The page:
4. User control and consent

    We are experiencing a shift in perspectives around identity service delivery, with technology innovations enabling greater user management and control of their data. As such, any service should seek to empower users and how they interact with, and use, their data.

    To ensure users are in control of their data, at a minimum, organisations should build in features that ensure information isn’t shared with third parties without full and transparent usage policies and, where relevant, user consent.

    Users should be able to choose how, when and where their identity and its related attributes are used. Ensuring users are informed is not only a regulatory requirement in many contexts, but it is also ethical, helping to ensure service buy in and adoption.

    During the design process, organisations must also recognise the need for delegated authority in many scenarios. They should provide appropriate solutions which recognise individuals’ relationships, for example between parents, carers and children – allowing people to complete trusted interactions on behalf of others.

    Such built-in consent processes help to ensure users are genuinely in control of their data, and how it is used.


  5. Accessibility and inclusion

    Digital identity services must reflect the needs of the user base. They must be accessible to everyone. To create inclusivity, organisations will need to design solutions which work for all demographic groups and minimise the potential for discrimination.

    In doing so, organisations should actively consult with a diverse range of users covering as many of the likely demographic groups as possible. As the consultation progresses, potential users can be invited to participate in testing to fully assess the user experience and look for bugs and anomalies, while checking it meets (or exceeds) accessibility standards.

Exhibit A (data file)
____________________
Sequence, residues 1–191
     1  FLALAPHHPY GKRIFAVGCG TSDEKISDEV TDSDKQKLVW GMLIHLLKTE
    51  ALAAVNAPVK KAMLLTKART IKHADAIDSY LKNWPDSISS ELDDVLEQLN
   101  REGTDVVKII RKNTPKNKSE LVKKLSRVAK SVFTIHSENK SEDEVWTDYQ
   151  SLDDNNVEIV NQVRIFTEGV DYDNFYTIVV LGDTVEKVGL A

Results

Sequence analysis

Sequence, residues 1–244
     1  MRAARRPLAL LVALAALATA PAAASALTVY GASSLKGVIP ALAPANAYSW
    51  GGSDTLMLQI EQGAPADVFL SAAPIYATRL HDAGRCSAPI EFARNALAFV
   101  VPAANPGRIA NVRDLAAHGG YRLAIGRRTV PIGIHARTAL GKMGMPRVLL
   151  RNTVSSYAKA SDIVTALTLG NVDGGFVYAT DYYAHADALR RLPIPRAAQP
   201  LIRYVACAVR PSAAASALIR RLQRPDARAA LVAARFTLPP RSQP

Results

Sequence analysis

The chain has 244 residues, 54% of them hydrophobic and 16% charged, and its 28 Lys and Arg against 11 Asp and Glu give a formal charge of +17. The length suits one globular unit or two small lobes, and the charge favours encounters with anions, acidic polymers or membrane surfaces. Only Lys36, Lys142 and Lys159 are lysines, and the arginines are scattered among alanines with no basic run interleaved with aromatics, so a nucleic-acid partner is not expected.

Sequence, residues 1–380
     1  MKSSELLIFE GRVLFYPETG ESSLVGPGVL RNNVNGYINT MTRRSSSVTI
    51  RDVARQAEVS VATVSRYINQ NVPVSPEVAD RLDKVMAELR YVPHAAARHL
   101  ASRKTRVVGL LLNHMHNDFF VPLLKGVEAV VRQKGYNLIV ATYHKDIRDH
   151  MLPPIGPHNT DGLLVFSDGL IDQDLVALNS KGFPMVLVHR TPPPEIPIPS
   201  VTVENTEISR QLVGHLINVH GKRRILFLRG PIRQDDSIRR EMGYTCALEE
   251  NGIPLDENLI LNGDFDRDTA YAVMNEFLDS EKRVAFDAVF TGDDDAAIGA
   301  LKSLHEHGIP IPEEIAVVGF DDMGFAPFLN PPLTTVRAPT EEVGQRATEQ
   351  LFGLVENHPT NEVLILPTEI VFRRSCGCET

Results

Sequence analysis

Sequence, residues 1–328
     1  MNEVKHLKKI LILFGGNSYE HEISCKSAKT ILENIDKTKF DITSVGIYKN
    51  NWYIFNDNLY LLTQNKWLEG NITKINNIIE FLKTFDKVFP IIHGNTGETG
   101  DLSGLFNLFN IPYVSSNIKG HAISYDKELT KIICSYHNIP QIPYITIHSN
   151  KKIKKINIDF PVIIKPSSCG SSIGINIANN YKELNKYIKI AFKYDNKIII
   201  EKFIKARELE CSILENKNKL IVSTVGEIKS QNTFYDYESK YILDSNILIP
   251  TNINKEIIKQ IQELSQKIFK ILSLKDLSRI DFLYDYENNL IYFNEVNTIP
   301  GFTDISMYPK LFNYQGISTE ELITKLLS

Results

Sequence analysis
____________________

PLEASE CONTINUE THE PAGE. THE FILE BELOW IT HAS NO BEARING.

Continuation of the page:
Throughout the development journey, it’s good practice to regularly audit algorithms, often using independent parties for the assessment. The audit will check thoroughly for bias. The published results should also include detailed plans to address issues that have been discovered.

    A common issue that is often discovered is a solution that isn’t suitable for those users with a minimal digital footprint. Digital identity services must serve those who are digitally excluded by ensuring that some offline channels are maintained, alongside any digital-only channels.

    The audit and improvement process should be continuous. It’s imperative to not create new barriers to accessibility, whilst also actively working to reduce any current barriers to access.


  6. Accountability
    Digital identity service providers and their partners must be held accountable for the impacts that such services have on individuals, communities and wider society. They must also put in place mechanisms to address any impact.

    Supporting those who may have been negatively impacted by the service in any way (whether as a result of fraud, data loss or discrimination) is an intrinsic part of the service. Support could include advice and remediation services, where users can easily raise grievances or make complaints

    Implementing robust governance isn’t sustainable without also ensuring those standards are upheld by each organisation’s partner ecosystem. Standards for accountability should be readily adopted by all parties involved in delivering digital identity services.


Explore our Digital Identity capability and how we can help organisations like yours to deliver great user experiences.